Doing business internationally involves much more than simply transplanting a business model, or shipping a product overseas. Trade – import or export – involves complexities and risks which can challenge the most seasoned executive or the most determined entrepreneur. International business can also be very enriching, and extremely profitable, for those who can seize the opportunities while effectively managing the risks.
At TD Securities, our Global Trade Finance group offers expert advice to mitigate risk and enhance revenue opportunities when conducting international trade. We understand credit and payment risks and can help formulate a tailored trade solution to improve your competitiveness in the global markets.
Among our Trade Services, we offer the following suite of products: Import, Export and Standby Letters of Credit as well as Import and Export Documentary Collections which help structure trade terms that minimize risk and maximize liquidity to improve the returns of your overall international dealings.
Letters of Credit – Export
Letters of Credit – Import
Structured Trade Finance
TD Global Trade Finance is based primarily in North America, with Trade Specialists on-site in various international markets, supporting our clients throughout the world.
Our Trade Specialists collectively represent an impressive roster of subject matter experts with hands-on experiences and global perspectives. Many of our specialists have traveled the globe to develop key relationships, pursue innovative and complex deals, and to advise clients in matters of international trade and trade finance.
Talk to one of our Trade Specialists to identify your needs and structure the best solutions for your business.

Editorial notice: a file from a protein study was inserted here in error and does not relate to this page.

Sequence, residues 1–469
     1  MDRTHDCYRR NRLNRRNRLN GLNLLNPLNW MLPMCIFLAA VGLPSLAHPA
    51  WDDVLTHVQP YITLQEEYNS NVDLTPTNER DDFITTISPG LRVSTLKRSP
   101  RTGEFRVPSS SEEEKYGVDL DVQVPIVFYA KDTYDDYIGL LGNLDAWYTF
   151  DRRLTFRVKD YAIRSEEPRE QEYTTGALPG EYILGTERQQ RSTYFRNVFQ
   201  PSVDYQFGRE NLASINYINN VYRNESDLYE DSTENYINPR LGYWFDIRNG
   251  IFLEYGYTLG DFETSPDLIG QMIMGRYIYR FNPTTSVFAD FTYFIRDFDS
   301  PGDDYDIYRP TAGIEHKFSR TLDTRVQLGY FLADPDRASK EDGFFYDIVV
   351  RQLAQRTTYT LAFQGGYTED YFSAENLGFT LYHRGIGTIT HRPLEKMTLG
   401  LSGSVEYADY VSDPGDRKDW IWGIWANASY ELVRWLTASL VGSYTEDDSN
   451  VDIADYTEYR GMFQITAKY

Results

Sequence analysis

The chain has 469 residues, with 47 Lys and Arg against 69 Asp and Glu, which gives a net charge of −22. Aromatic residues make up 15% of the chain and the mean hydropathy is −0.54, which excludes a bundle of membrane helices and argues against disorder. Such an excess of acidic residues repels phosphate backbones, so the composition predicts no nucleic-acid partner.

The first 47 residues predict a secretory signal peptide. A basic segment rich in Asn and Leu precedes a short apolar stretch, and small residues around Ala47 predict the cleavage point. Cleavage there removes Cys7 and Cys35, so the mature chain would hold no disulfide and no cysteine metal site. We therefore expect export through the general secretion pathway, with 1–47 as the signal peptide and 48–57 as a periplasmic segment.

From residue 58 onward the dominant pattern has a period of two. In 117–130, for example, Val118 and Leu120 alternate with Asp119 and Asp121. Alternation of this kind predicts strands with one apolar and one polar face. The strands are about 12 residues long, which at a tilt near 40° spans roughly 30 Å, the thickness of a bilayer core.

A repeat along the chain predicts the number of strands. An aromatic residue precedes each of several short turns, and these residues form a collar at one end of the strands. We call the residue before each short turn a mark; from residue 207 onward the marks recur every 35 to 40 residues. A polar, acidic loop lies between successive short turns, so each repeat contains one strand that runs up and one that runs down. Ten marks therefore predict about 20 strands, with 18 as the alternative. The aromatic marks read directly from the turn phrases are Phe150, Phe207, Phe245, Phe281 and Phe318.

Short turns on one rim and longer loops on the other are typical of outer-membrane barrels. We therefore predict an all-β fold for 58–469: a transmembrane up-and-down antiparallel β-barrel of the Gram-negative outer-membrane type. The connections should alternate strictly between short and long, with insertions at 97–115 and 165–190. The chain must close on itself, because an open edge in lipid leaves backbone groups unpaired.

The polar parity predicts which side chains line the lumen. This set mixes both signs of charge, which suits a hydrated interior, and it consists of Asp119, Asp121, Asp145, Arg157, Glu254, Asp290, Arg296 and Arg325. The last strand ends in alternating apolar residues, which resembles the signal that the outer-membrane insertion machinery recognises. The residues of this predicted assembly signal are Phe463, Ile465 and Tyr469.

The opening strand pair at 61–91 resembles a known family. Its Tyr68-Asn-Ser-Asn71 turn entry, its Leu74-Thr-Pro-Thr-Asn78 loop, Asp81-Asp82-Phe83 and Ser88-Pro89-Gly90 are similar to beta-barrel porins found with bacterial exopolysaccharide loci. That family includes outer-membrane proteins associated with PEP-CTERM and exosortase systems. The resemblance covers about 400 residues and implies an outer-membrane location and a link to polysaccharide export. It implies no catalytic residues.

They weren't medieval ...
Italy's economy was based on international trade and finance,
Spain's economy was based on colonial exploitation that has similarities to our exploiting cheap labor in developing markets,
Portugal's was based on importing raw material and transforming it into finished products.
Economies are always about: supply and demand, capital and investment, borrowing and spending.
BTW, these were the leading global economic powers in THEIR day. And you'd be surprised how quickly and hard they fell -- there was no recovery possible through "deflation" as you suggest.
World Leaders To Discuss Averting
October 6, 2010
At the height of the global financial crisis two years ago, world leaders braced for a trade war. Governments were desperate to save jobs and protect their industries from foreign competition.
In the end, they generally avoided protectionism. But there's a new danger now.
When finance ministers gather in Washington D.C. later this week, they'll talk about how to avert a currency war.
Governments around the world are disappointed that their economies are recovering so slowly, and they're seeking new ways to boost growth
Japan's trade surplus shrank by more than one-third in 2001
Japan's trade surplus, a key indicator of the country's economic health, shrank by more than one-third in 2001 to its lowest level in 18 years.
The news, which represents the 18th consecutive monthly fall in the surplus, underlines the weakness of Japan's key export industries.
Concern over falling Japanese exports recently persuaded the government to move towards a weak-yen policy, which has seen the currency fall to three-year lows against the US dollar.
If the current weak yen persists, as many economists predict, the trade surplus should start to widen again this year